Koide upholds that being able to explain the algorithms is essential, that transparency around data privacy is crucial, and that using alternative financial data in underwriting is what must now happen. “It’s not the sexy stuff,” she affirmed, “but it’s foundational as to how we’ll overcome the historical disparities.”

Goldberg closed by asking what attendees (tech leaders in the real estate vertical) can do to address this challenge.

Greene said, “Continue to question assumptions about how people live and what makes people creditworthy,” adding that it is critical to “test and validate” to make sure practices are fair and representative.

Koide urged real estate tech to support research by sharing data with organizations like hers, or with people in academia. “It’s critical to how we’ll get this right and get traction.”

“Lead with equity,” Rice said. “We got to this place because we lead with inequity deliberately and purposely. So we have to deliberately lead with equity.”

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Homeownership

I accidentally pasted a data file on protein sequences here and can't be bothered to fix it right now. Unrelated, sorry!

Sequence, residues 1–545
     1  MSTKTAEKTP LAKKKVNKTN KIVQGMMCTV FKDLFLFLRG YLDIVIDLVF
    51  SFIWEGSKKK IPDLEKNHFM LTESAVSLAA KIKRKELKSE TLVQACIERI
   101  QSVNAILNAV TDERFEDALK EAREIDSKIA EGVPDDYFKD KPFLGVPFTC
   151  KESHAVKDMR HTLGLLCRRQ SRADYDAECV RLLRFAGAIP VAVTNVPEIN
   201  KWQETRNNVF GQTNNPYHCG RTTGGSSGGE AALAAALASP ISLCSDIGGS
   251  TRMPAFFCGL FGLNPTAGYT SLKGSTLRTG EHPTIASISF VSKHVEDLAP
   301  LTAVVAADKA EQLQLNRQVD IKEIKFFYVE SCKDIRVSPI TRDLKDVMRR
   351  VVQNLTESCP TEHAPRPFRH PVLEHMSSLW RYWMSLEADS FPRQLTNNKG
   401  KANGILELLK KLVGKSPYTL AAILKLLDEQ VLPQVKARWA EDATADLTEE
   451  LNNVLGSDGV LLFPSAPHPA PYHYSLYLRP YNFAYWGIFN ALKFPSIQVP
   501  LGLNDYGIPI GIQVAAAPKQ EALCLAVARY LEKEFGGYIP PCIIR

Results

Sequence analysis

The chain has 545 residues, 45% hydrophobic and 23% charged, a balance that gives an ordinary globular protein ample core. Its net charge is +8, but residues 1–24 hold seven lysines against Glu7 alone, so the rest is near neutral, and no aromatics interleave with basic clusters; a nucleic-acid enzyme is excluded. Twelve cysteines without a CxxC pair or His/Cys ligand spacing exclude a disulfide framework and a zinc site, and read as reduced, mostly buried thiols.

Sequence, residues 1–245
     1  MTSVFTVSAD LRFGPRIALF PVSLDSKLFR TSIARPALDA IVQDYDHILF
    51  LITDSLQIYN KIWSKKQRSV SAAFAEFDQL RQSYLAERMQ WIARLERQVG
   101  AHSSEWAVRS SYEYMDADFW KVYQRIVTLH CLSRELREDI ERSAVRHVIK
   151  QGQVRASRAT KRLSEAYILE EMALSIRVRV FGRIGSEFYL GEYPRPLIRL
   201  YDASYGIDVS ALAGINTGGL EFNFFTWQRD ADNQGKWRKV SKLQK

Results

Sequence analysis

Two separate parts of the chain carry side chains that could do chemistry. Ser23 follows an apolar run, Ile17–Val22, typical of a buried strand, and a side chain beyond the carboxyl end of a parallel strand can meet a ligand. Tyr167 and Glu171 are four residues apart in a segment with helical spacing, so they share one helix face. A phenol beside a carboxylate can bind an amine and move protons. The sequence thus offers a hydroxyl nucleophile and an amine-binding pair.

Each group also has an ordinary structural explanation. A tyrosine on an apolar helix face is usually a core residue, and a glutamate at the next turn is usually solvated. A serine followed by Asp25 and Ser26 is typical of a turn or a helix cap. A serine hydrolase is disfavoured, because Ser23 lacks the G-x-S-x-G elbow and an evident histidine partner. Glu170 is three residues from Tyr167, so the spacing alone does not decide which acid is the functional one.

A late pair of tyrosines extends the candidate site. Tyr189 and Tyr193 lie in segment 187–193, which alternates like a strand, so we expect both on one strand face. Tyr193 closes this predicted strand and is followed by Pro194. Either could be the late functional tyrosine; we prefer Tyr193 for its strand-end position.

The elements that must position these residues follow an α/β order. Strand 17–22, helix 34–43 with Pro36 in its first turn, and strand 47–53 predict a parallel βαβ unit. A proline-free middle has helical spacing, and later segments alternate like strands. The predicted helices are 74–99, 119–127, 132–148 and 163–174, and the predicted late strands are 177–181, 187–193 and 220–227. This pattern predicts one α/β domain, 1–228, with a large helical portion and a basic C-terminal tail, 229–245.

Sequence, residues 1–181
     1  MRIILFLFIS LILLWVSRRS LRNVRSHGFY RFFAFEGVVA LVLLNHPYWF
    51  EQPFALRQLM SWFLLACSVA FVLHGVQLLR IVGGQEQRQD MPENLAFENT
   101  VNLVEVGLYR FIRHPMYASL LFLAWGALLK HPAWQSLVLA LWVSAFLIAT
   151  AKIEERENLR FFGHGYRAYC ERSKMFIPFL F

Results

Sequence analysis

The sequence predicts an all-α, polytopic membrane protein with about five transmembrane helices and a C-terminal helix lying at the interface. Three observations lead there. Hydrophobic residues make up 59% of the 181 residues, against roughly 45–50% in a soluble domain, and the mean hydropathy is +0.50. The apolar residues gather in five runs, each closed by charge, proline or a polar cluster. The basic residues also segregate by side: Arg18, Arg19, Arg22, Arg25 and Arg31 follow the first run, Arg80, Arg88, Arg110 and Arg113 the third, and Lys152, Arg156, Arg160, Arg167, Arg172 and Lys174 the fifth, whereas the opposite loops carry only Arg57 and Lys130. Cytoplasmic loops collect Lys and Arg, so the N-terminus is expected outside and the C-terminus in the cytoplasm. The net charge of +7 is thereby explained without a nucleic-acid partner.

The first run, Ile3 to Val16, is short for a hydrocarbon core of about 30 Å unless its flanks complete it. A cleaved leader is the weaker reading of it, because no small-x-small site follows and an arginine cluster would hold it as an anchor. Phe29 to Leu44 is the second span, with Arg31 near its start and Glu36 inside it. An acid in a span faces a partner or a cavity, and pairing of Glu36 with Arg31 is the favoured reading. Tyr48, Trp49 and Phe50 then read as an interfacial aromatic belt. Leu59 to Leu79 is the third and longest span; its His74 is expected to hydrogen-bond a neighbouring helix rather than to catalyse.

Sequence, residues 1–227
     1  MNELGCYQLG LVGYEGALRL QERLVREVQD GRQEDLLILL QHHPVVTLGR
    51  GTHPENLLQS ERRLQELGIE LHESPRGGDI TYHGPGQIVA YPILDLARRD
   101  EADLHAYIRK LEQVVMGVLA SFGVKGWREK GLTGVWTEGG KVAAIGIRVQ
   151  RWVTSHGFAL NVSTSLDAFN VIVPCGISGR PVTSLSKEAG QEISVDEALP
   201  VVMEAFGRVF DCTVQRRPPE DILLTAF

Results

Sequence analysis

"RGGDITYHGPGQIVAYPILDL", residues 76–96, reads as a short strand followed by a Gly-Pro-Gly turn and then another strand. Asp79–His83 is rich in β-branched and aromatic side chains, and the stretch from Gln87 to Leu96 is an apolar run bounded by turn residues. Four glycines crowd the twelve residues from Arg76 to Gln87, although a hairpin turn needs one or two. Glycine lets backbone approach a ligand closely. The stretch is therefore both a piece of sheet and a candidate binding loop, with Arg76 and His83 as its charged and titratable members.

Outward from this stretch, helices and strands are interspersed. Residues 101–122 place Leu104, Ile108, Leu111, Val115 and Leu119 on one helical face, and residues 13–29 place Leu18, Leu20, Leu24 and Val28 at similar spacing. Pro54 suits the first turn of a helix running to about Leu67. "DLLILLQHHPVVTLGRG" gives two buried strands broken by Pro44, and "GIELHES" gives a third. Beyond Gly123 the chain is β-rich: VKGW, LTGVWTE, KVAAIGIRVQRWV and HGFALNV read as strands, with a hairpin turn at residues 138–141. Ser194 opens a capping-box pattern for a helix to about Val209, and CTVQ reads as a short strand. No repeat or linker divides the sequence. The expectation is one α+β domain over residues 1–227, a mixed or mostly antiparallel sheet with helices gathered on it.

Rental history will soon help folks qualify for a mortgage

(REAL ESTATE) Historically, rental history has not been reported to credit bureaus which doesn’t help anyone with obtaining a mortgage. Soon, that all changes.

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Mortgage papers held in hands with a pen, being handed to the other hands.

Effective September 18, more renters may qualify for a mortgage under Fannie Mae’s updated underwriting process. The rules have changed to incorporate consumers’ rent payments to better serve the “credit invisible” of America who are historically under-served by traditional lending products.

Fannie Mae’s Desktop Underwriter® will automatically identify recurring rent payments based on banking data to improve mortgage eligibility.